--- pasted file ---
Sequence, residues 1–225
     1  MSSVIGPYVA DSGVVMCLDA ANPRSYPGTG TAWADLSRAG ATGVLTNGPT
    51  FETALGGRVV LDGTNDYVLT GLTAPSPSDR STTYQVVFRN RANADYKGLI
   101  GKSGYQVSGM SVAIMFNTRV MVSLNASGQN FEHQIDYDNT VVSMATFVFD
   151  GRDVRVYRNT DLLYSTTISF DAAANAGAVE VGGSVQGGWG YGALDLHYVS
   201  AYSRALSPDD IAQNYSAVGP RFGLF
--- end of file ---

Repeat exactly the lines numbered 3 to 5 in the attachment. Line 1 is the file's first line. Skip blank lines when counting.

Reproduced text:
    51  FETALGGRVV LDGTNDYVLT GLTAPSPSDR STTYQVVFRN RANADYKGLI
   101  GKSGYQVSGM SVAIMFNTRV MVSLNASGQN FEHQIDYDNT VVSMATFVFD
   151  GRDVRVYRNT DLLYSTTISF DAAANAGAVE VGGSVQGGWG YGALDLHYVS